Los Angeles International (LAX) is the 4th busiest airport in the world, the 2nd busiest in the USA, and it can be found 17 miles outside downtown LA. Seoul Airport (ICN) is also known as Incheon International Airport, and regularly wins Airports Council International Awards for the world's best international airport. It can be found 29 miles outside the city center.
Travelers can choose flights from around 23 airlines when flying to ICN from LAX. However, the primary carriers on the route include United Airlines, Delta, Korean Air, and Asiana Airlines. All fly direct to Seoul from Los Angeles.
Flights will need to cross the Pacific, and the distance is approximately 5,903 miles. This means that the fastest journey times for direct flights will be 12 hours 29 minutes, and many take around 13 hours 15 minutes. If changes are needed, the flight time will increase, typically to 14-15 hours including stopovers.
Travelers can expect a choice of seven direct weekday flights from Los Angeles (LAX) - Seoul (ICN), along with 7-8 options at weekends. In addition, there should be over 90 indirect journeys. However, the longest journeys take 49 hours, so passengers need to be careful when booking tickets.
Shuttle buses provide connections from four locations in the LA metropolitan area, while ride-sharing apps specialize in ferrying passengers to the terminals. LAX is also well set-up for parking, with short and long-stay options. Expect to pay a daily rate, depending on the length of stay required.
Long and short-term parking lots at ICN are connected to the terminals via regular shuttle buses. Those wanting to head into town can also take AREX trains (45 minutes), various bus routes, and taxis. Expect taxis to take around one hour, depending on traffic. Alternatively, car rental is available at Terminal 2 and the airport's Transportation Center.
Most visitors from the USA will not need a valid visa to enter South Korea. All that is required is a valid US passport. This entitles travelers to stay in the country for 90 days without requiring a student or employment visa.
When renting cars in South Korea, visitors will need an International Driving Permit and have held a standard Driving License for one or two years, depending on the type of car being hired. An age limit of 21 and above also applies.
The weather in Seoul tends to be more extreme than in LA, with a monsoon season in June and July, and cold winters from December to March. Summer temperatures can be very warm, with average highs of 99 degrees F in August.
Peak travel season usually arrives in June and August. However, April and May, as well as September and October are the ideal time to visit. Both periods see warm, generally dry weather and crowds won't be anywhere near as large as during peak vacation season.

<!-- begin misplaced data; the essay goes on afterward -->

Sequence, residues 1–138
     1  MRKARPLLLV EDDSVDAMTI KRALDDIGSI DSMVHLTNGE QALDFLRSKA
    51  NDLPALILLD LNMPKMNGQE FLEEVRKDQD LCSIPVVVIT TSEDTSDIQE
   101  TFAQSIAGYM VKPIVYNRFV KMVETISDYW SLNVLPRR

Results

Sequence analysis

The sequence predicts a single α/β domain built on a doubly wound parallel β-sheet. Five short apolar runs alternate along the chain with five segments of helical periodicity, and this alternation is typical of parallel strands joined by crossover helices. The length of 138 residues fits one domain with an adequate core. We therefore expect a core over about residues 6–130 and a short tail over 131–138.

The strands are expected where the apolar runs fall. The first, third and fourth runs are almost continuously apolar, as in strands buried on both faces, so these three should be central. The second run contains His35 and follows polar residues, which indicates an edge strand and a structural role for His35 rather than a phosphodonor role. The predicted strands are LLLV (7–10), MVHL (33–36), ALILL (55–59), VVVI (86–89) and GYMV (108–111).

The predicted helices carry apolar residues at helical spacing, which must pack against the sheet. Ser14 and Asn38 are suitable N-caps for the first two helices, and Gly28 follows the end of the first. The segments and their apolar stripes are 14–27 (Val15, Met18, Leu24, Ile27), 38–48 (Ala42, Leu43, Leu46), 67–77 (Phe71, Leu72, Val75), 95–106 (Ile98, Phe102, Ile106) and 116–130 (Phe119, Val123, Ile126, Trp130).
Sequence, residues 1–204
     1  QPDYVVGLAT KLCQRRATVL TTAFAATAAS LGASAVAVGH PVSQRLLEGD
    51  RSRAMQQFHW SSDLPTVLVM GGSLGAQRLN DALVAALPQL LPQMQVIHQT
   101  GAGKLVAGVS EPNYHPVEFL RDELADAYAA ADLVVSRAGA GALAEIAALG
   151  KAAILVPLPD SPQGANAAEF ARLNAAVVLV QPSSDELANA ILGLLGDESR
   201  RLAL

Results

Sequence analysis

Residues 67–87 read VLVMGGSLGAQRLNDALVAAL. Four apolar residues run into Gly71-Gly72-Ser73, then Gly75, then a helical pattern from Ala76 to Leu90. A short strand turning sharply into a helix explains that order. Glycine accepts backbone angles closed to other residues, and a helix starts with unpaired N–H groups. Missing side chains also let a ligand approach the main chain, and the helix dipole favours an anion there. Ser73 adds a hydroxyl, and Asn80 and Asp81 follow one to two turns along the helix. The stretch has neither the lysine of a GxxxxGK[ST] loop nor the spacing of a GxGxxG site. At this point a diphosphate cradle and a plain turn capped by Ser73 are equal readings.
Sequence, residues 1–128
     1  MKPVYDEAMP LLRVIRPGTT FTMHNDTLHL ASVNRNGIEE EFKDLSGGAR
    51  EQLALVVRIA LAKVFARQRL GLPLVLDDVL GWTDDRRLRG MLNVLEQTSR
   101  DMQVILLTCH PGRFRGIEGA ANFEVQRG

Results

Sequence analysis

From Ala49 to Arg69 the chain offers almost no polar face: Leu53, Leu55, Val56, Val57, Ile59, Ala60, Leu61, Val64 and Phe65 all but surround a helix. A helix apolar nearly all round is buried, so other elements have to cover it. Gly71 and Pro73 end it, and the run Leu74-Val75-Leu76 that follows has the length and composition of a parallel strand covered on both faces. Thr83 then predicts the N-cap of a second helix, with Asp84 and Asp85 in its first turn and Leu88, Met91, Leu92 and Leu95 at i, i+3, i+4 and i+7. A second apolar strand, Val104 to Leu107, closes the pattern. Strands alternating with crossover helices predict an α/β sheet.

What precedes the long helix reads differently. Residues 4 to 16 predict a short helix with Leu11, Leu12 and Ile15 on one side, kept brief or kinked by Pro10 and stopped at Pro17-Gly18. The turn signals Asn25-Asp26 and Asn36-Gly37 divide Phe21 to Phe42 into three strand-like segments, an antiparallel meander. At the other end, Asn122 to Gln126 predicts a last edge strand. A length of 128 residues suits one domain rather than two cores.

The time difference can be an issue for some visitors. Seoul is 16 hours ahead of Los Angeles, so change any clocks or watches before arrival. Korean is also the default language everywhere in Seoul. Many locals will speak some English, but travelers shouldn't expect this, so learning a few words of Korean will help.
Korea's currency is the won, and as of September 2019, one dollar was worth 1,200 won. Exchanging some cash at LAX is advisable, but almost everywhere accepts credit cards. Getting around is made much easier with a rechargeable T-Travel card, which delivers discounts compared to credit cards and cash.
Seoul has five major palace complexes, but Gyeongbokgung is the most impressive. The home of the Joseon emperors for 600 years, it was built in 1395, and has a very special status for South Koreans. Don't miss the National Folk Museum in the grounds, and turn up in a hanbok costume for free entry.
Visit a jjimjilbang
Everyone who visits Seoul should spend some time at a jjimjilbang. These traditional bathhouses come complete with saunas and massage tables, where customers can experience bracing "seshin" rubs, laze around in heated pools, or even indulge in karaoke at some establishments.
Take tea at Bukcheon Hanok
Next door to Gyeongbokgung, Bukcheon Hanok is a charming neighborhood that seems to have been missed by history. It's full of ancient hanok homes, many of which serve rejuvenating jujube teas and delicious steamed pumpkin cakes. The Craft Center is also a great place to stock up on souvenirs, or learn some hanji paper crafting skills.